When the twist craze broke in the US , Petula saw her chance and brought out "Ya-Ya Twist," (a cover of the Lee Dorsey rhythm and blues song) and it became a major hit in Europe.



By the mid sixties Petula Clark linked up with Tony Hatch to record 'Downtown' (a song originally written for the Drifters) which rocketed to number 1 in the USA. "Downtown" was a huge success in the UK, France (in both English and French versions), Netherlands, Germany, Australia, Italy, and even Rhodesia and India.



Petula now was popular in North America and her pop partnership with Tony Hatch give her another fourteen consecutive Top 40 hits in the US. The hits included "I Know a Place" (1965), "I Couldn't Live Without Your Love" (1966) and "This Is My Song," (1967).











As the decade drew to a close, Petula Clark's commercial stature slipped, although singles like "Don't Sleep on the Subway," "The Other Man's Grass Is Always Greener" and "Kiss Me Goodbye" still charted on both sides of the Atlantic.











An older and wiser Petula took every opportunity to diversify and starred in musicals as well as TV special . In 1968 she revived her film career and starred in Finian's Rainbow, followed a year later by Goodbye, Mr. Chips.



By the mid-1970s, she scaled back her career in order to devote more time to her family. In the 1980s she found fame as a country recording star, with her top ten hit, 'Natural Love', before reinventing herself as a highly successful stage star in London's West End.



In 1981 she starred in the London revival of Rodgers and Hammerstein's The Sound of Music, she played Maria von Trapp. In 1983, she took on the title role in George Bernard Shaw's Candida. Later stage work included Someone Like You in 1989 and 1990, for which she composed the score. In 2004, she toured Australia and New Zealand.






Further Reading
The Immortal Jukebox A10: Petula Clark – Downtown

Worth a listen:
The Little Shoemaker(1954)
Majorca (1955)
Sailor (1961)
Romeo (1961)
Ya Ya Twist (1962)
Downtown (1964)
I know a place (1965)
I Couldn't Live Without Your Love (1966)
This is my song (1967)
Don't Sleep in the Subway (1967)
Natural Love (1982)

Thursday, April 13, 2017

Albert King (1923 – 1992)




Albert Nelson was born in 1923 on a cotton plantation in Indianola, Mississippi (although some sources cite Aberdeen, Mississippi). One of 13 children, his is father left the family when Albert was five. Three years later they moved to Forrest City, Arkansas and Albert grew up picking cotton on nearby plantations. He sang in a family gospel group at the local church and learned to play a diddley bow. His first guitar was made out of a cigar box, a piece of a bush, and a strand of broom wire. Eventually he bought an accoustic guitar and as a left hander, used the right-hand string set up and tuning but played the instrument upside down. Among his early blues influences were Blind Lemon Jefferson, and Lonnie Johnson. Albert worked in construction, and other jobs until he was finally wass able to support himself as a musician.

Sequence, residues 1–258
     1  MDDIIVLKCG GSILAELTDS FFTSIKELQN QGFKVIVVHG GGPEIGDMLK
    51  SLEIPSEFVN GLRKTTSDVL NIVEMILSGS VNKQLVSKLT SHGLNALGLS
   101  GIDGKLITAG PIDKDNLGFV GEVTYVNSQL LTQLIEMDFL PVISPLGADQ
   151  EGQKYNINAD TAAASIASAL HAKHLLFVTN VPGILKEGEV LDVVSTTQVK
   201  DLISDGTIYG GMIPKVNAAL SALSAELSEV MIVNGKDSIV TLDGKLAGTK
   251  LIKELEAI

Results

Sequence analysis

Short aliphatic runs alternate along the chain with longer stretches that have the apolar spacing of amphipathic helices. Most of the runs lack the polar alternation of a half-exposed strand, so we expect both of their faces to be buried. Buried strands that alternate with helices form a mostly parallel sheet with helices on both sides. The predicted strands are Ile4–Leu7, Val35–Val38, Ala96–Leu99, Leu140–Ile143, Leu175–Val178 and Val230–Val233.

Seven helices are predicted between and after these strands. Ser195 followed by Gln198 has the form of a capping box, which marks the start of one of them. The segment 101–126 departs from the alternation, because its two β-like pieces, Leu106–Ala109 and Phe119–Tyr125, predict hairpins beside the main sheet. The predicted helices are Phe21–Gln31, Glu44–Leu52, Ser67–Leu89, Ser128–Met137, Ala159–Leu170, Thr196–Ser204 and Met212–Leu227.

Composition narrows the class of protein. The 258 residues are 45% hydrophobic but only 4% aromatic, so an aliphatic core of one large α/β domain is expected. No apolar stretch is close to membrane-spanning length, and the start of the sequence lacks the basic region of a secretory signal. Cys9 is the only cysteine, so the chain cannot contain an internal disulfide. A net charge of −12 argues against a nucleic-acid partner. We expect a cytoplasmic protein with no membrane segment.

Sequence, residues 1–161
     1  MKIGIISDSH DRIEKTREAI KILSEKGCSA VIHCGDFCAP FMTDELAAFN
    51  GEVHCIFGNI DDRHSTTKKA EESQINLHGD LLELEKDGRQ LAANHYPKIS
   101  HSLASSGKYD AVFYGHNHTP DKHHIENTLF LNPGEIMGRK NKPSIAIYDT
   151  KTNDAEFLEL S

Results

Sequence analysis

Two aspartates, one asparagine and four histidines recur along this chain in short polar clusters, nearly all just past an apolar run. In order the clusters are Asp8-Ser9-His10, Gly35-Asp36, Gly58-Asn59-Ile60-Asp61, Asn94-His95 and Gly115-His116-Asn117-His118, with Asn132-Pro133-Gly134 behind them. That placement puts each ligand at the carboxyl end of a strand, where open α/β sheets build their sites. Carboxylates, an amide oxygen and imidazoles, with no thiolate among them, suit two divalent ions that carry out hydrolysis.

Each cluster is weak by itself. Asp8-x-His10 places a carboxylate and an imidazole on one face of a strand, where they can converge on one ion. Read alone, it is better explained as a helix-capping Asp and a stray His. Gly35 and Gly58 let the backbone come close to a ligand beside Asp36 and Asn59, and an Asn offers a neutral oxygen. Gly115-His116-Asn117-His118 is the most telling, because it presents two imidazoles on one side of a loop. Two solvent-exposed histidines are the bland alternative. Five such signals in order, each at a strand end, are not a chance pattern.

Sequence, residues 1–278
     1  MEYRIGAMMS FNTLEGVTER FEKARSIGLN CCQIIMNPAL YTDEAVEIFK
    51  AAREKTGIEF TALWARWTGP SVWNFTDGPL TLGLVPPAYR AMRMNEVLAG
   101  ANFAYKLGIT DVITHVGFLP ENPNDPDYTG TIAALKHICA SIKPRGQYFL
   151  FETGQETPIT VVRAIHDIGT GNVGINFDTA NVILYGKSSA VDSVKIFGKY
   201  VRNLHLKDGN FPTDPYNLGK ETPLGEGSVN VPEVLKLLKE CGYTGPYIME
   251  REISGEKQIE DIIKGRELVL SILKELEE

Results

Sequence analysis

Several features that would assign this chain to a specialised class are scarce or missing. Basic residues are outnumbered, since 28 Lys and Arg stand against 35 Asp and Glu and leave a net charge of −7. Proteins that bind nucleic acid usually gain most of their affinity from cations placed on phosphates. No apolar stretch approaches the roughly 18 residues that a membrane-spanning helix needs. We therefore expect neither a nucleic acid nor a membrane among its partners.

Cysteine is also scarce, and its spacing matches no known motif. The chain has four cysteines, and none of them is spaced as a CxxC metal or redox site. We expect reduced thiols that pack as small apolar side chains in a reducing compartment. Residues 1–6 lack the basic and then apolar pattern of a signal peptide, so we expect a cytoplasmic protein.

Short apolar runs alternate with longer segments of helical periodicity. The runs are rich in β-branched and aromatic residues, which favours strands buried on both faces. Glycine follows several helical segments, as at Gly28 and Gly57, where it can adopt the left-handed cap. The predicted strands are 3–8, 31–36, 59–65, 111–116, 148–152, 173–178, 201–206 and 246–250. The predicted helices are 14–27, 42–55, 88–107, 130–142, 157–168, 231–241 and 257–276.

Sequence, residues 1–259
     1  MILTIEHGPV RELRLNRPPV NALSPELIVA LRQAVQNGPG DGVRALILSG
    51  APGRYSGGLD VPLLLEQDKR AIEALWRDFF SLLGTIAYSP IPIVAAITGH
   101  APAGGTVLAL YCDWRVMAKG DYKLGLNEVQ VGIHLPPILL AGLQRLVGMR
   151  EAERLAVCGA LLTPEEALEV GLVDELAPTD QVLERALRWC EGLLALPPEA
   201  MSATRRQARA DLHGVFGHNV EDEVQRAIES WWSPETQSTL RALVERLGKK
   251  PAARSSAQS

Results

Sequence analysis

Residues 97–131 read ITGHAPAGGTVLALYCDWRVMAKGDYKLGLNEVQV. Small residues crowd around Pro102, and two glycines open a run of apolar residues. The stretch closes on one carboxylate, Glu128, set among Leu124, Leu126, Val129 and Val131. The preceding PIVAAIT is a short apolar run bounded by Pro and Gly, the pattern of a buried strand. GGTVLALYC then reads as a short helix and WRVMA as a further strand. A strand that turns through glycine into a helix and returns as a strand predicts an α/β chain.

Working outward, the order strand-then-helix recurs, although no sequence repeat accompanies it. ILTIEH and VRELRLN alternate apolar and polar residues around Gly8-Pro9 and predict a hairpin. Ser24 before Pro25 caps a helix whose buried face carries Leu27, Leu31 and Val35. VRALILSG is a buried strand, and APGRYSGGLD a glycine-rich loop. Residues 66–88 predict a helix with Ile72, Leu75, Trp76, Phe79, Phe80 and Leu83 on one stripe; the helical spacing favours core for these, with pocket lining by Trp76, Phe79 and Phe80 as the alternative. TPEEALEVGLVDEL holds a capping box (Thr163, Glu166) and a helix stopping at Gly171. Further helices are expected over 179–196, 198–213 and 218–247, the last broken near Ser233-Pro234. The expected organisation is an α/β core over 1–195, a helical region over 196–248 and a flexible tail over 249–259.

In 1950, Albert joined the In the Groove Boys, and played at the T-99 nightclub in Osceola, Arkansas. The band started to get wider recognition when they appeared on local radio. He moved to Gary, Indiana in 1953, and joined Jimmy Reed’s band with fellow guitarist, John Brim. During this time, Albert played drums on several early recordings as well as adopting the name, Albert King in deference to BB King. Willie Dixon then helped him set up an audition at Parrot Records in Chicago. "Be on Your Merry Way" / "Bad Luck Blues," was released but failed to attract much attention.







He returned to Osceola and re-joined the In the Groove Boys where he stayed in Arkansas for the next two years.



In 1958, he started playing a Gibson Flying V, which he named Lucy. The electric guitar became his signature instrument. At well over 6 ft (1.8m), and weighing 250 pounds (110 kg), Albert King on stage with his signature guitar made him an imposing figure. Sometimes between gigs he made ends meet by working as a mechanic and drove a bulldozer. This earned the smooth singer the nickname "The Velvet Bulldozer." In 1959, Albert had his first hit with "I'm a Lonely Man," written by Little Milton. It was recorded with a pianist and a small horn section, which made the music sound closer to jump blues than Delta or Chicago blues.



"Don't Throw Your Love on Me So Strong" (Bobbin) was released in 1961, and became a hit, reaching number 14 on the R&B charts. The album, Big Blues, was released in 1962.







When left Bobbin in 1962, he recorded one session for King Records. These were more pop-oriented than his previous work and the singles issued from the session failed to sell. He next signed with jazz artist Leo Gooden's Coun-Tree label and cut four songs. These too failed to attract much attention but did foreshadow what would come next. Gooden resented King's success and pushed him off the label. Albert King signed with Stax Records in 1966.







Albert King signed with Stax Records in 1966 and recorded with the label's house band, Booker T. & the MG's. The soul inspired hits started coming beginning with "Laundromat Blues" (1966) and "Cross Cut Saw" (1967) both went Top 40. In 1967, Stax released the Born Under a Bad Sign album, which became the most popular and influential blues albums of the late '60s.











Albert soon had mass appeal to a diverse audience and frequently appeared at live gigs, such as the Fillmore East. He recorded the studio based album, “Years Gone By”, in 1969, the same year, and also performed live with the St. Louis Symphony Orchestra. He joined The Doors on stage at the Pacific Coliseum in Vancouver, Canada and recorded an Elvis Presley tribute album, “Blues for Elvis - King Does the King's Things” (1970). After touring America and Europe, he returned to the studio in 1971 to record the Lovejoy album.















“I'll Play the Blues for You” (1972), featured the Bar-Kays, the Memphis Horns, and Isaac Hayes's backing group , the Movement. The album was rooted in the blues, but featured distinctively modern soul and funk overtones. The follow up album, “I Wanna Get Funky” (1974) was also recorded with the Bar-Kays, and mixed standard blues licks with funk. Many believe this was his last strong album, in the same year it was released Albert started playing a Flying V built by Dan Erlewine